Anytime something is too good to be true - it is.  There is no such thing as a company that makes money without your personal oversight, or at least without employees you personally know and who are accountable to you and who can't profit without making you a profit first.

Live and learn.

@Sue K. I understand the point you're trying to make but if you truly feel as though you can't trust anyone, building a big business will be THAT much harder for you.  I'm glad you made sure to state "from my experience."  You are stating absolutes from your own limited lens and neglecting to factor in the thousands of investors who've come before you and solved this.  Sorry to hear what happened to you and your daughter but is every property manager stealing from their investors?  I don't think so.  There are honest people with organizations willing to do the right thing out there.  Will they come at more of a premium knowing their worth? Probably. Factor it into your numbers and navigate accordingly. Good Luck


@Nathanael Rojas Thanks for posting question. Great discussion.

I have rented during this time of year with ease. I keep my rents lower than the average to attract a bigger tenant pool and to lower vacancy. With that being said, I think it's the price. Lowering it 50 bucks a clip is a waste of time. Lower it to $1000, you should get a decent amount of applications. If you lower it to $900, I am almost certain it will get filled before the holidays. Even if the tenant doesn't move in, he or she will probably be willing to put a non-refundable deposit down to hold it until next month @$900.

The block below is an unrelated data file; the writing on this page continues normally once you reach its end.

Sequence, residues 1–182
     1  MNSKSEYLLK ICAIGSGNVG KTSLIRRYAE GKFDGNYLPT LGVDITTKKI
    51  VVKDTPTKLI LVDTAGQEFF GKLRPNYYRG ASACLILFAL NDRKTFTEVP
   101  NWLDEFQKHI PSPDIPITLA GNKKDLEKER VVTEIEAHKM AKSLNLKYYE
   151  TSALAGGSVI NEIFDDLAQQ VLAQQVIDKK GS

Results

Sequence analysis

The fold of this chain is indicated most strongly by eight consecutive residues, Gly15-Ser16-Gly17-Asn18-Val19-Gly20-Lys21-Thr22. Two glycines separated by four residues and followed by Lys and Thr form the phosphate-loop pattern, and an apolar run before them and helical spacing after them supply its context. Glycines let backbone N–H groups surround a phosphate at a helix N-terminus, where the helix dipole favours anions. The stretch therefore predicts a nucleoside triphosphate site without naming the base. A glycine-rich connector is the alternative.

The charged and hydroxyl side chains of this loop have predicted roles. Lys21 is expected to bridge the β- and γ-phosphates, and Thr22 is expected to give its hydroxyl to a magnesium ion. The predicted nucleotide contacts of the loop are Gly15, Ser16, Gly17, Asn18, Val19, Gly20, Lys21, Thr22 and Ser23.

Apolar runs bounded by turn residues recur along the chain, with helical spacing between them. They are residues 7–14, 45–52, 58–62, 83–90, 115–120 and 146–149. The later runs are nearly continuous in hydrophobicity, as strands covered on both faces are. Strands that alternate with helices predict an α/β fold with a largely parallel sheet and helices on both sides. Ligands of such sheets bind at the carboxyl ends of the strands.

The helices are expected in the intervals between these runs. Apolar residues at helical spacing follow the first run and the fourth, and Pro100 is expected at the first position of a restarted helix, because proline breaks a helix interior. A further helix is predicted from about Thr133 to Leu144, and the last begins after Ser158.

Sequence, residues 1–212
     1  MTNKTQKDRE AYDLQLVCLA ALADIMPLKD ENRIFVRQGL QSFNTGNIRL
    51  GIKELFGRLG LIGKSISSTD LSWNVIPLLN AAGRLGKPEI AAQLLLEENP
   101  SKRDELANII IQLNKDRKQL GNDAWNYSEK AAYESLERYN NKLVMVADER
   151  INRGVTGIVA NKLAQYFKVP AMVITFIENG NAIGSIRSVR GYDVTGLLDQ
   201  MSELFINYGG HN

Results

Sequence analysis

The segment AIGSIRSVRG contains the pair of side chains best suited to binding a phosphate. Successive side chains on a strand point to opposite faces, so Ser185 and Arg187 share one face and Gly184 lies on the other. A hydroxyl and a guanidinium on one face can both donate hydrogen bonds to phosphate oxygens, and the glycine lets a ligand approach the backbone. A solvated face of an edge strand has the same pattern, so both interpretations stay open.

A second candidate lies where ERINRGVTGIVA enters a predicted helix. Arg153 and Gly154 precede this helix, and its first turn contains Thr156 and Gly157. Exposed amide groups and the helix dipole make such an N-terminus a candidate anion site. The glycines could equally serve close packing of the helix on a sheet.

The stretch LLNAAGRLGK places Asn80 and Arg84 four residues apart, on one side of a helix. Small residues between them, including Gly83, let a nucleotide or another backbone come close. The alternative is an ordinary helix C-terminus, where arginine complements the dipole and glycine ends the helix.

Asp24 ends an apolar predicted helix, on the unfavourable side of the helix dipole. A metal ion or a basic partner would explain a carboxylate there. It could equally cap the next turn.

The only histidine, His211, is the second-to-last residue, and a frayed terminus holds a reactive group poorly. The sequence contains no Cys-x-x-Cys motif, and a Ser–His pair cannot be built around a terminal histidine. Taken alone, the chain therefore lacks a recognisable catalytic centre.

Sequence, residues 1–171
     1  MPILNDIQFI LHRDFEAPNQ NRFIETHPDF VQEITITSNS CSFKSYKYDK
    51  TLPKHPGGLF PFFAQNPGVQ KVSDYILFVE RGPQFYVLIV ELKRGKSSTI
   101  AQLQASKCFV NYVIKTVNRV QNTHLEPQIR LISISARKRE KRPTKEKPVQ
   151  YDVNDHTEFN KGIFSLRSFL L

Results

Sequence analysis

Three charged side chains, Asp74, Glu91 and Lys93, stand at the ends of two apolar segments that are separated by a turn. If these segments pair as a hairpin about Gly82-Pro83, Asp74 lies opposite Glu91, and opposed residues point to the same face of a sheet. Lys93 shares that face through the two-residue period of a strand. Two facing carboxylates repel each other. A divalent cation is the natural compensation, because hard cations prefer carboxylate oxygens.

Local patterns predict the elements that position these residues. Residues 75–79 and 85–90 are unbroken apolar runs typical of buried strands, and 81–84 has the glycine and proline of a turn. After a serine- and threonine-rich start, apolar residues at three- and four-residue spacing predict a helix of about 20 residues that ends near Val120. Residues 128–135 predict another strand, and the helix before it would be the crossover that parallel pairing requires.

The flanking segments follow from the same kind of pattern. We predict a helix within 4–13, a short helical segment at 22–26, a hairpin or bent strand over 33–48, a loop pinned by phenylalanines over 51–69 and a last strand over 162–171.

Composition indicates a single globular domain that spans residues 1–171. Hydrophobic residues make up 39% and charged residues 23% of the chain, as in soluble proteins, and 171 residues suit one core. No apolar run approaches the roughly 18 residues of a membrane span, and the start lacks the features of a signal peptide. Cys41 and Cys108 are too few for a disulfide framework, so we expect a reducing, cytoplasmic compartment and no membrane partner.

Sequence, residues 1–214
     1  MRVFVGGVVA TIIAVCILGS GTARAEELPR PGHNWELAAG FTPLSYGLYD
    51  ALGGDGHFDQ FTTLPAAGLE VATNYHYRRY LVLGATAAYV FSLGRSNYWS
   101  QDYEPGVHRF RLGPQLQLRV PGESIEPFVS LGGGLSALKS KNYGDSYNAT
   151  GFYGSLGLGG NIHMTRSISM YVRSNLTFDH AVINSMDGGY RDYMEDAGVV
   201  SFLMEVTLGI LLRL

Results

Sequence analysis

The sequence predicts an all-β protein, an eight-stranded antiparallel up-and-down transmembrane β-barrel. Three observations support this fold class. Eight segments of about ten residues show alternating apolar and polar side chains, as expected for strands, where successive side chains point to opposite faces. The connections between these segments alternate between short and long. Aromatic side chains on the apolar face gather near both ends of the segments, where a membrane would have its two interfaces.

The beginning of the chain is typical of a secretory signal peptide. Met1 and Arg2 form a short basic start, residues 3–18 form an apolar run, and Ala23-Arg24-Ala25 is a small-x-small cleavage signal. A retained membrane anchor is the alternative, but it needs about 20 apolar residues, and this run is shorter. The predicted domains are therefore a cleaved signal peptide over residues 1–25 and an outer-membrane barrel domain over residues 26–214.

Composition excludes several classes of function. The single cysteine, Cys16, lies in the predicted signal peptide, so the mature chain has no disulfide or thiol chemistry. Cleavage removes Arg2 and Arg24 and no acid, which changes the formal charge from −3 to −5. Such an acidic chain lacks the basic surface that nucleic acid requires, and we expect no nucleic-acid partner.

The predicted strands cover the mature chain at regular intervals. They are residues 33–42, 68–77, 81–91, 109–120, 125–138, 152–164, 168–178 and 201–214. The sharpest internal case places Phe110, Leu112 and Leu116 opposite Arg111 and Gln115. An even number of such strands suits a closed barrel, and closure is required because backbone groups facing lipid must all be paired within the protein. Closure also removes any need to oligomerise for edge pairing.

To the point about your pm, next time consider hiring someone that specializes in tenant placement only. 

Let us know how you made out.

I wish you the best.

Peace!!

@Nathanael Rojas I went through similar issues recently and talked to a number of baltimore landlords who have been struggling to get many qualified leads for their rentals.

Did you sign an exclusivity agreement with this PM? If not, reach out to another one or fire this one.

You mentioned dropping rent prices, and I noticed you only dropped it twice. It would be much better to drop the rent and get someone in there vs the expense of several months of vacancy.